Correspondence: S. A. Kossoudji, University of Michigan, Department of Economics, Ann Arbor, MI 48109. Location: Princeton University Library (SPR).

58:20488 Lesthaeghe, Ron; Page, Hilary; Surkyn, Johan. Are immigrants substitutes for births? [Sind Einwanderer ein Ersatz fur Geburten?] Zeitschrift fur Bevolkerungswissenschaft, Vol. 17, No. 3, 1991. 281-314 pp. Wiesbaden, Germany. In Ger. with sum. in Eng; Fre.
"With a view to the...extremely low fertility level of EC [European Community] citizens, the question arises if the replacement level may be balanced by immigration. This would be so with regard to the period under examination till about the mid-21st century, if each year record numbers of immigrants would be admitted, i.e. at least 1 million persons per year. Simulation models have shown that immigration is not a very reasonable solution to the problem of population aging. Instead of an unrealistic alternation of immigration and emigration waves, an increase in the fertility rate of EC citizens would be a better solution to the problem."
Correspondence: R. Lesthaeghe, Vrije Universiteit, Pleinlaan 2, B-1050 Brussels, Belgium. Location: Princeton University Library (SPR).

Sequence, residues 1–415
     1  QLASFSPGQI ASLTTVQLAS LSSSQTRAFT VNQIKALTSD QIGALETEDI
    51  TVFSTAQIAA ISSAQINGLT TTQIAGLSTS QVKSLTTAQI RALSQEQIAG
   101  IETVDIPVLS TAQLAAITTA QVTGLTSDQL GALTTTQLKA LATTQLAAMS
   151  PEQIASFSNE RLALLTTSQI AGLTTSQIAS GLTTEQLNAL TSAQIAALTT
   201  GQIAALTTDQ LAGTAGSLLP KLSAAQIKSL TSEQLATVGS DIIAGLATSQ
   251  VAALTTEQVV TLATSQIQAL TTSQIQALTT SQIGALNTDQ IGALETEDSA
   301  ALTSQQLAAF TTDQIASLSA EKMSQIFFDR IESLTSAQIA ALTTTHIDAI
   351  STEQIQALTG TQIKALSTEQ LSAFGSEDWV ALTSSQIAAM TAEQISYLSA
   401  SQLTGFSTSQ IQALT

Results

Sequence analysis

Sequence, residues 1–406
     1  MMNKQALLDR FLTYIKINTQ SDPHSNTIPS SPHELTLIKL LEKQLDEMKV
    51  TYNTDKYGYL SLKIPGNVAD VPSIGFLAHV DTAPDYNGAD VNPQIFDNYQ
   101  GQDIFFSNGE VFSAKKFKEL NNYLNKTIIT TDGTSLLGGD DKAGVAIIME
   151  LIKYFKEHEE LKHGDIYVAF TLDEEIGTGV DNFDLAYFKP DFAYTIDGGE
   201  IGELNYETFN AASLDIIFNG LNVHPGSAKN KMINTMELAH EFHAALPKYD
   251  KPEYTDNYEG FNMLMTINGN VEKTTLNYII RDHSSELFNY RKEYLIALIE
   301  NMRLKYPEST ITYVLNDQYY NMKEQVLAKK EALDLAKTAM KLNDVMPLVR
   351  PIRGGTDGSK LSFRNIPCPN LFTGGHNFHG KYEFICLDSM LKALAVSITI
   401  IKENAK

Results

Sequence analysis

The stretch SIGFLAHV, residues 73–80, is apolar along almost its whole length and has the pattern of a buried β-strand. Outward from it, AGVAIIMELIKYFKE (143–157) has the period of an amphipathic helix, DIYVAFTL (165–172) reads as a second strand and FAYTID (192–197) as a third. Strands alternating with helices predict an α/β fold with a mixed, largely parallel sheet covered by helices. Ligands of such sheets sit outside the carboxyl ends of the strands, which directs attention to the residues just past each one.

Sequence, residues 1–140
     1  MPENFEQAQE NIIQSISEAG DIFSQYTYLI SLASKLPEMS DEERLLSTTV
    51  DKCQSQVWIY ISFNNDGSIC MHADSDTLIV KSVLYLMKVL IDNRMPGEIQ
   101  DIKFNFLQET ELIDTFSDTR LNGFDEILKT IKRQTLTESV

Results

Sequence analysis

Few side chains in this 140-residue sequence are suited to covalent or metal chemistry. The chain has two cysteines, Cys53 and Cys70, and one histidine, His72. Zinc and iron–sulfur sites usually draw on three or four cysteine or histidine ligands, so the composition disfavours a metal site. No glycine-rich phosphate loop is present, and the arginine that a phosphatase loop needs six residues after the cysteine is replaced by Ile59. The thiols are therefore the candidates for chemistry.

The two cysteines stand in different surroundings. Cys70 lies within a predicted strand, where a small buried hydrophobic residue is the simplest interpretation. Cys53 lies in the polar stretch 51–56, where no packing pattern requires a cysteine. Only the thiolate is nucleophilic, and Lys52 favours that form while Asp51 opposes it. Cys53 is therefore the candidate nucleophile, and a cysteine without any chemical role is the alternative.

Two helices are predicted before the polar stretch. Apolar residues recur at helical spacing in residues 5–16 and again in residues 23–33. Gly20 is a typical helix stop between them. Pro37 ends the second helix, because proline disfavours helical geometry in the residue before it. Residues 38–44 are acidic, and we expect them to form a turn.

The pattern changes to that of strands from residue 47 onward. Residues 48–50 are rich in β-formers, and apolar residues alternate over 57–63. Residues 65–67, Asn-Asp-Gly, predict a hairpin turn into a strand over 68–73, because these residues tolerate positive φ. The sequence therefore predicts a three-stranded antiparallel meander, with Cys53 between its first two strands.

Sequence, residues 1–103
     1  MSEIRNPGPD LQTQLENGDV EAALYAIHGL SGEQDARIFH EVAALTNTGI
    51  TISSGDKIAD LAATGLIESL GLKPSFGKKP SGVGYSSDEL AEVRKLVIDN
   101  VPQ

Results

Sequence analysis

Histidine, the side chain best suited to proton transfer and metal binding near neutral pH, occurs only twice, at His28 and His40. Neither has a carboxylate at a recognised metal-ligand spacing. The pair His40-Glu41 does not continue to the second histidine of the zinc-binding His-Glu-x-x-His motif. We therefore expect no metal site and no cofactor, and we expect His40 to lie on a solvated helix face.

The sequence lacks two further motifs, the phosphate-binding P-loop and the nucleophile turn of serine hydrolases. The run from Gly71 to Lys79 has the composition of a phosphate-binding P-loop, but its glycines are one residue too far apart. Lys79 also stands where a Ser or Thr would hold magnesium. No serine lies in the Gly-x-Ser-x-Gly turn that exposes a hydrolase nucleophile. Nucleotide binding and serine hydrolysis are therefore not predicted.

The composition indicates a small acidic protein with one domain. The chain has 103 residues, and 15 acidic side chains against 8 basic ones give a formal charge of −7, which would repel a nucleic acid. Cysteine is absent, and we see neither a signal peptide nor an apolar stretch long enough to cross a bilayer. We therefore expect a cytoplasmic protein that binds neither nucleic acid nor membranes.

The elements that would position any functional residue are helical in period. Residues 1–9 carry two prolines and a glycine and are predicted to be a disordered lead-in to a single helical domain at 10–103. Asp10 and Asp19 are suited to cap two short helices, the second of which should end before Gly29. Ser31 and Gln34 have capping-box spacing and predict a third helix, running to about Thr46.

58:20489 Levy, Michel. Immigration in France: popular perceptions versus reality. Population Today, Vol. 20, No. 5, May 1992. 6-7 pp. Washington, D.C. In Eng.
In this article, translated from the original French, the author attempts to clarify official French definitions of foreigners, immigrants, and French citizens of foreign origin. He suggests that much of the recent political debate that has occurred in France on the subject of immigration has been muddied by confusion among both politicians and journalists about the actual facts concerning immigration levels, which have remained steady over the past decade.
Correspondence: M. Levy, Institut National d'Etudes Demographiques, 27 rue du Commandeur, 75675 Paris Cedex 14, France. Location: Princeton University Library (SPR).

58:20490 Lundborg, Per. Determinants of migration in the Nordic labor market. Scandinavian Journal of Economics, Vol. 93, No. 3, 1991. 363-75 pp. Cambridge, Massachusetts/Oxford, England. In Eng.